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Prof. Tian Wenshou’s team of LZU publishes articles in Nature Communications

By LZU | 20/01/2018 23:44:00 | Views ()

The team led by Prof. Tian Wenshou, from the School of Atmospheric Sciences of LZU has published a research paper in Nature Communications (the impact factor is 12.124 from 2016 to 2017), with the primary unit being LZU and the primary author being Zhang Jiankai learning from professor Tian Wenshou during his Ph.D. period. It is the second time for this team to publish research results in the series of Nature about the interactions between stratospheric and the tropospheric circulations since its first publication in Nature Climate Change in 2016, showing that the team’s research results in the middle atmosphere is gradually  gaining  attention  in the international community.

The research finds that there is always a mode of Europe-North America IODM affecting the change of the amount of ozone in the Northern Hemisphere, and that mode shows the negative abnormal center over the Eurasia while the positive abnormal center over North America. In the late winter over the past thirty years, the mode tended to intensify, suggesting that the loss rate of ozone in Eurasia is more obvious than other areas in the same latitude. In the meanwhile, the UV radiation intensity over Eurasia is much stronger. These phenomena are closely related to the movement of arctic vortex in stratosphere to Eurasia caused by the decrease of arctic sea-ice. On the one hand, the movement will transfer the low concentration ozone air inside the arctic vortex to the upper air of Eurasia to dilute the ozone air in that area. On the other hand, the active chlorine-rich air that has abnormally high concentration inside the arctic vortex will also be transferred to stratosphere over Eurasia, causing the larger chemical loss of ozone.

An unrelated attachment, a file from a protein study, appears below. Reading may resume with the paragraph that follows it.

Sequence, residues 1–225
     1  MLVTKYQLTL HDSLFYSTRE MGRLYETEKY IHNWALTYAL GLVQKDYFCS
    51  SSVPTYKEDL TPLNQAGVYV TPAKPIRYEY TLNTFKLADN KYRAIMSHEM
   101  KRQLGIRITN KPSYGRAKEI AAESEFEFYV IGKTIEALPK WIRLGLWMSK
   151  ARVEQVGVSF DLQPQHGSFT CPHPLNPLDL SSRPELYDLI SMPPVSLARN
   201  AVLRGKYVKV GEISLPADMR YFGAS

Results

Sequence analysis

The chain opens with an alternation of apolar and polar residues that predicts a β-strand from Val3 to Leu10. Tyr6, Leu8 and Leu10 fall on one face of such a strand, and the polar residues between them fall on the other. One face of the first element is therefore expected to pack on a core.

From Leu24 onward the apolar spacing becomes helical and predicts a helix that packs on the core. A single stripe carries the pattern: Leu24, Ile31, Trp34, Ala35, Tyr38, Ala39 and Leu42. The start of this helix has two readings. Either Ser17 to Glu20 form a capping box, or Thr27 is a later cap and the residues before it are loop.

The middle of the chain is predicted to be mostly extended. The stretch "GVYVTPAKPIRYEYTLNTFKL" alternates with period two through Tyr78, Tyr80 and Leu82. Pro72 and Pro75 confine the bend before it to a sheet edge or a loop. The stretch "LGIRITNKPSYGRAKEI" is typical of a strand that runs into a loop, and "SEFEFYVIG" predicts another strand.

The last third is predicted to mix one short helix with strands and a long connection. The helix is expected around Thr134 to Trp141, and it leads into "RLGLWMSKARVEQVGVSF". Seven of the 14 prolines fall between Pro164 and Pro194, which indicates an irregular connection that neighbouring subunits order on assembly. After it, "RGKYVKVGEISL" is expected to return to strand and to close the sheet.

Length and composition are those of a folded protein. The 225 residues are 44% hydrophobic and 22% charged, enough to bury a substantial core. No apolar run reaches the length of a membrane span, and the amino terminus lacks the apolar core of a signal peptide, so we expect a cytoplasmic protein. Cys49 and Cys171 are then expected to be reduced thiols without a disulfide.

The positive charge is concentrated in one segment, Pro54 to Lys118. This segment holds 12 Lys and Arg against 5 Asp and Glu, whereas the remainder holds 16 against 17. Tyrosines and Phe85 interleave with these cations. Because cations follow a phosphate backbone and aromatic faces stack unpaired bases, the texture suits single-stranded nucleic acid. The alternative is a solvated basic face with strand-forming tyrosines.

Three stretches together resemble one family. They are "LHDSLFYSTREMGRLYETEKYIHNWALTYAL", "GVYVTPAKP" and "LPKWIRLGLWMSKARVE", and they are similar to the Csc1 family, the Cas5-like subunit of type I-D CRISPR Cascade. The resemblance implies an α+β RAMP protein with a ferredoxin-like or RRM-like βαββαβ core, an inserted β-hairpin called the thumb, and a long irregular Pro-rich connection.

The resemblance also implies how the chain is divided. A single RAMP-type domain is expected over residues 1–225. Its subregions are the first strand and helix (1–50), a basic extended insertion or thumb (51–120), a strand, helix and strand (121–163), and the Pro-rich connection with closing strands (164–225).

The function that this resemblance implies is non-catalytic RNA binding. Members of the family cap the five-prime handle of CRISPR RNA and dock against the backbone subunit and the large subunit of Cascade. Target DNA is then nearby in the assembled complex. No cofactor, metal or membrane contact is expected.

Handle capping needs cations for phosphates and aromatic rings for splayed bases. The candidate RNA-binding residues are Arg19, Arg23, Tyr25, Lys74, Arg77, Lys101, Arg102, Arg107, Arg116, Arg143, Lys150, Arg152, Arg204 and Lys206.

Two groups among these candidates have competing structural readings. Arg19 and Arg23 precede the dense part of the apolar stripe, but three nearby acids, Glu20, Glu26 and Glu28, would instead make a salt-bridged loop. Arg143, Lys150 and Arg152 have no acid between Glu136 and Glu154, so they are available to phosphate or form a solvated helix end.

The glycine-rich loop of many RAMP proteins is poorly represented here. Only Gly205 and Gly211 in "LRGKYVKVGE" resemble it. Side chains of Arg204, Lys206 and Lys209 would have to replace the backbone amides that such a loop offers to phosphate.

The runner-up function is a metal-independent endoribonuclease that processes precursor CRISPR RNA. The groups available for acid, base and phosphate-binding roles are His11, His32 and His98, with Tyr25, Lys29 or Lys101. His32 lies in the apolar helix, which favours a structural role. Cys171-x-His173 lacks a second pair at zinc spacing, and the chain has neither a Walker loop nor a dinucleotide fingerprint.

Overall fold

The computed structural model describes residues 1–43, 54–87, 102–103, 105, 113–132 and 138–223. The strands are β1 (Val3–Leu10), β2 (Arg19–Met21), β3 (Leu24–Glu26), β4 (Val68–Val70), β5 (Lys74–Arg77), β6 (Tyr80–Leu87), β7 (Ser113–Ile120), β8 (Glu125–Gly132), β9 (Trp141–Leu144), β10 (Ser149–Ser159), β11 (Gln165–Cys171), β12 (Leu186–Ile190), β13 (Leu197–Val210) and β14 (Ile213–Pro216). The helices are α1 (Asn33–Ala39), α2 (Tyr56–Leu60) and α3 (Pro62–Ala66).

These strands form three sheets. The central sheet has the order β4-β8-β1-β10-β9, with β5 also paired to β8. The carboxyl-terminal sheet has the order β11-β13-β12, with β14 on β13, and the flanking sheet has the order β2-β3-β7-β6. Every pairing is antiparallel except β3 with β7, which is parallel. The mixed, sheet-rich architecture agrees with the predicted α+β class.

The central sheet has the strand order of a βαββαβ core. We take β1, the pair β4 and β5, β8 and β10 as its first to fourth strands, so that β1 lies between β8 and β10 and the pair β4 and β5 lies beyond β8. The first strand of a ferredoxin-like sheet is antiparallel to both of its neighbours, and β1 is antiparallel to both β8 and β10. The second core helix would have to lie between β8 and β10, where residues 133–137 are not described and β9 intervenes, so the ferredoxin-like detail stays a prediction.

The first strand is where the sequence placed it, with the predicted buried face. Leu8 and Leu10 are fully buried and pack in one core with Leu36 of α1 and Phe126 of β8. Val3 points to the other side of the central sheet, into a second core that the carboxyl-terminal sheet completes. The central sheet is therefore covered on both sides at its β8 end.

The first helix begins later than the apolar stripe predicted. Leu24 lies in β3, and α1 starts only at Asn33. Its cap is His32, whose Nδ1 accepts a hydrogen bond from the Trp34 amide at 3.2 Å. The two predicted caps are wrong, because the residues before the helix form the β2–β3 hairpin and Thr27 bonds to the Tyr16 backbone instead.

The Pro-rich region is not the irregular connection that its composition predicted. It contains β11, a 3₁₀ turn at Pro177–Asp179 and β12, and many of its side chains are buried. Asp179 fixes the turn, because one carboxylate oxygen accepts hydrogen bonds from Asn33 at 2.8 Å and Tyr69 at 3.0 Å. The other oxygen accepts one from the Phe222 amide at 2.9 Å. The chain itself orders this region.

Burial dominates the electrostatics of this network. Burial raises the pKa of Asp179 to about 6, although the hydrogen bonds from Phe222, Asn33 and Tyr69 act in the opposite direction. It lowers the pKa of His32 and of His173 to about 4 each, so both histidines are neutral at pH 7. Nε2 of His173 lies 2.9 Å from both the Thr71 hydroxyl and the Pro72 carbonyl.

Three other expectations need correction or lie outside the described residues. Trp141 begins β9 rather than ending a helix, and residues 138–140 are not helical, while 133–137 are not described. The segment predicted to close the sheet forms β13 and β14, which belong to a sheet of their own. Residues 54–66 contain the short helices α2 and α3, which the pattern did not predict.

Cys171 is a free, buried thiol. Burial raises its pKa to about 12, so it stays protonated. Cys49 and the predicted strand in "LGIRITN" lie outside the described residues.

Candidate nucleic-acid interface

Cooperating with the R&D team involving many countries and participating in the international IGAC/SPARC-CCMI(Atmospheric chemistry and climate project), Tian Wenshou’team utilizes the advanced mode of atmospheric chemistry and climate to predict the change of “Europe-North America IODM” in the future. It finds that the mode will continue to intensify in the following late winter, suggesting the slower recovery pace of ozone over the Eurasia, which may be closely related to the continuing decrease of arctic sea-ice in the future. The achievement, for the first time, shows that climate change can  impact the recovery speed of ozone not only by affecting the reaction rate of ozone through changing stratosphere radiation and temperature, but also by influencing the   amount of regional ozone through the movement of the arctic vortex caused by the change of arctic sea-ice.

 

(Translated by Sun Lianyue; proofread by Yang Han)

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